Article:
Covid restrictions in care homes are being relaxed in England from Monday as the country moves towards living with Covid.
The three-visitor limit brought in under Plan B last month to tackle Omicron will be lifted and self-isolation rules are also being relaxed next week.
And from February 16, care home workers will be asked to take a lateral flow Covid test before every shift, rather than the current system of weekly PCR tests alongside lateral flow tests three times a week.
Health Secretary Sajid Javid said the success of the booster programme, coupled with falling infection rates, meant it was safe to relax the curbs. Almost nine in 10 care home residents have been triple-jabbed.
Mr Javid said: ‘I know how vital companionship is to those living in care homes and the positive difference visits make, which is why we continued to allow three named visitors and an essential care giver under Plan B measures.
‘Thanks to the progress we have made, I am delighted that care home restrictions can now be eased further allowing residents to see more of their loved ones.’
Residents who test positive now only need to isolate for 10 days rather than 14, but they can release on day seven if they test negative the previous two days.
A rule which meant entire care homes had to be quarantined for 28 days if two or more residents tested positive is also being halved to two weeks.
It marks the latest rolling back of Covid restrictions in England, where compulsory masks and vaccine passports were scrapped today.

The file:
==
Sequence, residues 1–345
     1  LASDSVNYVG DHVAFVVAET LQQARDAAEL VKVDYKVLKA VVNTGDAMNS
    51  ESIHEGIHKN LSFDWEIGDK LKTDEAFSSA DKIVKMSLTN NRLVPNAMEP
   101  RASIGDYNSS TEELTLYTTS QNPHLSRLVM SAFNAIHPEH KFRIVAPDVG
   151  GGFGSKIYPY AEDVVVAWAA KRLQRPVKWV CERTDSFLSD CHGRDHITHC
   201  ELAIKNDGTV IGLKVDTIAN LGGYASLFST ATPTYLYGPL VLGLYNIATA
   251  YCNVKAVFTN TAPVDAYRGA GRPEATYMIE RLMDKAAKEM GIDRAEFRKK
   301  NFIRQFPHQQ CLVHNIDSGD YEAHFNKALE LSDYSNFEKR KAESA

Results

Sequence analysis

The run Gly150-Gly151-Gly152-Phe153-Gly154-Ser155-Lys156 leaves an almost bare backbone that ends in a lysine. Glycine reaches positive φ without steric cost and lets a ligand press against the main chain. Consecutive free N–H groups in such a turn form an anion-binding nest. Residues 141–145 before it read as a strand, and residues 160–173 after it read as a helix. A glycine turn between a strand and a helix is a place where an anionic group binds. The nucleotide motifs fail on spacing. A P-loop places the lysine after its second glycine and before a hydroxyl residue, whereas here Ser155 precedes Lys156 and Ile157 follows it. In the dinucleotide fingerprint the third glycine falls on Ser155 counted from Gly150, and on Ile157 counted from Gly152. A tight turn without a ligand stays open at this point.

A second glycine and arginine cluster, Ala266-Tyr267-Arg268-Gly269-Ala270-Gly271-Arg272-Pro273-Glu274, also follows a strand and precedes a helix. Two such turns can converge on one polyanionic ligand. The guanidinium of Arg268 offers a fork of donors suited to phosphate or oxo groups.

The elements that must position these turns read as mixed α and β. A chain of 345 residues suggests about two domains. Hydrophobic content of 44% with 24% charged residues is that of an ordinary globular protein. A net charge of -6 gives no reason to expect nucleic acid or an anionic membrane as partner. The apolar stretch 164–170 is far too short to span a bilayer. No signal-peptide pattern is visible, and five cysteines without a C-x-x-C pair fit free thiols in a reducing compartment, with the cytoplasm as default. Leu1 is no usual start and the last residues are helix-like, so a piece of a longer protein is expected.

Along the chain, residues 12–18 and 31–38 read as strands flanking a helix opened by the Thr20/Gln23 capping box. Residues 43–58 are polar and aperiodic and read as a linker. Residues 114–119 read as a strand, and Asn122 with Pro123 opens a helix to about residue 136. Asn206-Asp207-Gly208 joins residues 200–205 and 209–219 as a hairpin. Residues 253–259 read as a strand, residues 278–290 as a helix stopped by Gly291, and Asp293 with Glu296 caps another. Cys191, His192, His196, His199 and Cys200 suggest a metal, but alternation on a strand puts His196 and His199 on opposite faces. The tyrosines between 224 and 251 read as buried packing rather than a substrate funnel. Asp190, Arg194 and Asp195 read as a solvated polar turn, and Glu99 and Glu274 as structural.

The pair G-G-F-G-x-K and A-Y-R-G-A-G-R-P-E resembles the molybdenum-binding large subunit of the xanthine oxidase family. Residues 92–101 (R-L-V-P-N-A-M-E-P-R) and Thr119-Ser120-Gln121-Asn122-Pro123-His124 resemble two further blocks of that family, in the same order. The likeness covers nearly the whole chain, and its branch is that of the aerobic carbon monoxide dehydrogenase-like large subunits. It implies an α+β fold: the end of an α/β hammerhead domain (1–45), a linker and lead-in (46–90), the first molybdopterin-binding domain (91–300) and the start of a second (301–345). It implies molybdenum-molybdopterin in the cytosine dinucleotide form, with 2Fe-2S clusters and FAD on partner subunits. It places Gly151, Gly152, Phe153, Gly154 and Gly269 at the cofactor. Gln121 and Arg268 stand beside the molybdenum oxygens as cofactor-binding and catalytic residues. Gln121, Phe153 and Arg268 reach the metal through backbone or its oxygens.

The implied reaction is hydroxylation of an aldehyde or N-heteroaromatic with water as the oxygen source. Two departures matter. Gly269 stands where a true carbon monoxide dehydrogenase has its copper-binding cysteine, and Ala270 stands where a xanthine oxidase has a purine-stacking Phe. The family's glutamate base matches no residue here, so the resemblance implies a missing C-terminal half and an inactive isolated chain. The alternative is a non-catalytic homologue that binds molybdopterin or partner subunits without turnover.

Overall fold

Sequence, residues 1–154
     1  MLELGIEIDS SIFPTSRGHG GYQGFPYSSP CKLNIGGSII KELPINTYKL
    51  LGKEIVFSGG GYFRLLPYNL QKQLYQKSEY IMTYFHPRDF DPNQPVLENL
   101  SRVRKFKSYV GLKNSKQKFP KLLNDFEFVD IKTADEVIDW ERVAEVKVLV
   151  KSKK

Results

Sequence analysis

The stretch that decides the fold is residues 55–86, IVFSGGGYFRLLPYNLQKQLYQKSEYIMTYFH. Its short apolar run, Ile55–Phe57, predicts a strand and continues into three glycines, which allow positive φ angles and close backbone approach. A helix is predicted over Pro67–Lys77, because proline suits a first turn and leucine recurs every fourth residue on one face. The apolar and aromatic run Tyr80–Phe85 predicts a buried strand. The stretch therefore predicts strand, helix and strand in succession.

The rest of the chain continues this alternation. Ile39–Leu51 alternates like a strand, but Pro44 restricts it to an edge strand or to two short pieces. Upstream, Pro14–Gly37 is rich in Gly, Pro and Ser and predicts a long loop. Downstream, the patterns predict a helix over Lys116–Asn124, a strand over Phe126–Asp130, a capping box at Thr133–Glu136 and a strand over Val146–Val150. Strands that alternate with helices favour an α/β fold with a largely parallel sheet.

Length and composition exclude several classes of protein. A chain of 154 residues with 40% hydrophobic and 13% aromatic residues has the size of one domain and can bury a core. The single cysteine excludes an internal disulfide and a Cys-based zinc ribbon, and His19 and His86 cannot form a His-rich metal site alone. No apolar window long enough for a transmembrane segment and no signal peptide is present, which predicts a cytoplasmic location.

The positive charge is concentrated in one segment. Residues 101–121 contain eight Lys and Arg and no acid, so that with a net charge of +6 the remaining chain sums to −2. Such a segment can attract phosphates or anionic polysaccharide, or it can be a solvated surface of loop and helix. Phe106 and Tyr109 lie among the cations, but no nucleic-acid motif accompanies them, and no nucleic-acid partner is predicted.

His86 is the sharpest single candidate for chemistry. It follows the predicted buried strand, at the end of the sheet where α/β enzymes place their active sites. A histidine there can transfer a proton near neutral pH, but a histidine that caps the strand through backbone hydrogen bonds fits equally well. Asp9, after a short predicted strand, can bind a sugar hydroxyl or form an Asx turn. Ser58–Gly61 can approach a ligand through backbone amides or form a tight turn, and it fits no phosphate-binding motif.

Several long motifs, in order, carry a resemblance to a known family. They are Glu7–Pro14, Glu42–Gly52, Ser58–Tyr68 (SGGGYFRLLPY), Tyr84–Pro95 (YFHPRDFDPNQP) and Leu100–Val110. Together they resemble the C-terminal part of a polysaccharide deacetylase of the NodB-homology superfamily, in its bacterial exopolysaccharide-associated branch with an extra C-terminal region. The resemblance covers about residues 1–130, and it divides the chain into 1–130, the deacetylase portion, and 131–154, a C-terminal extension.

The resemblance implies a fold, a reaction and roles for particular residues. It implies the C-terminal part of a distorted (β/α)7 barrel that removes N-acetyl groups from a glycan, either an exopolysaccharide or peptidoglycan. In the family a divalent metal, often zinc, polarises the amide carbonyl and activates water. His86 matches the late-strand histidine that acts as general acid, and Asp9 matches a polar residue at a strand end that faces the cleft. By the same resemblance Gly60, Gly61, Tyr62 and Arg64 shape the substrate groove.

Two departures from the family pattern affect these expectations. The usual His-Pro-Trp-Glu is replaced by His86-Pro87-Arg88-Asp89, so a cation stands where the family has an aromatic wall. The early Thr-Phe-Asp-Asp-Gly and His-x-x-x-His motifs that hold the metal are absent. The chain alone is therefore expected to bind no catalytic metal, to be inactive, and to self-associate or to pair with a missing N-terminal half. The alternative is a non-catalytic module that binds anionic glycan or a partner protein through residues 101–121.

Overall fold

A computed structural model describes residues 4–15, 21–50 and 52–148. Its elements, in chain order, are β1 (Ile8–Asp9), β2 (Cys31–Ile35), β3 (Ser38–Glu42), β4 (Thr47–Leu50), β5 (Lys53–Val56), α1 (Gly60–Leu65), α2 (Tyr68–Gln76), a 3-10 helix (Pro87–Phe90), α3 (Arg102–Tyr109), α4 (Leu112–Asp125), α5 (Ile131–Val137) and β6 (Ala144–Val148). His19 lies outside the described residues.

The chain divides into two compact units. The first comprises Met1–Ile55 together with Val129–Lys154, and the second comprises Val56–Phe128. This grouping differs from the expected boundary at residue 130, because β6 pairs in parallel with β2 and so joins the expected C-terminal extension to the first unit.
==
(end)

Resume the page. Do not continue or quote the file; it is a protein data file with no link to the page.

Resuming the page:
However, some transport providers, such as Transport for London, and shops — including Sainsbury’s, John Lewis and Waitrose — are asking customers to wear masks, while some venues may use Covid passes.
Self-isolation periods in care homes — which required all residents to isolate for 28 days if two or more people in their home tested positive — have been halved to two weeks
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Plan B rules including mandatory masks are being scrapped in England today – but supermarket giant Sainsbury’s is still asking staff and customers to continue wearing them.
From Thursday, the Government will no longer legally mandate the wearing of face coverings in shops and on public transport, while proof of vaccination or a recent negative test will also no longer be needed to enter nightclubs and large venues.
However, Sainsbury’s, John Lewis and Waitrose are still encouraging both shoppers and employees to mask up while in stores.
Sadiq Khan has also refused to drop them for commuters in the capital, by asking people to continue wearing face coverings on public transport.
The Mayor of London sparked a backlash after announcing – in spite of the new mandate – ‘Wearing a face covering is one of the single most important and easiest things we can all do to prevent the spread of Covid-19 and the Government should rethink their plans and keep legislation in place.’
Guidance to work from home, another pillar of Plan B, was revoked last week.
The Department of Health said the care home rules can be eased following the success of the booster rollout.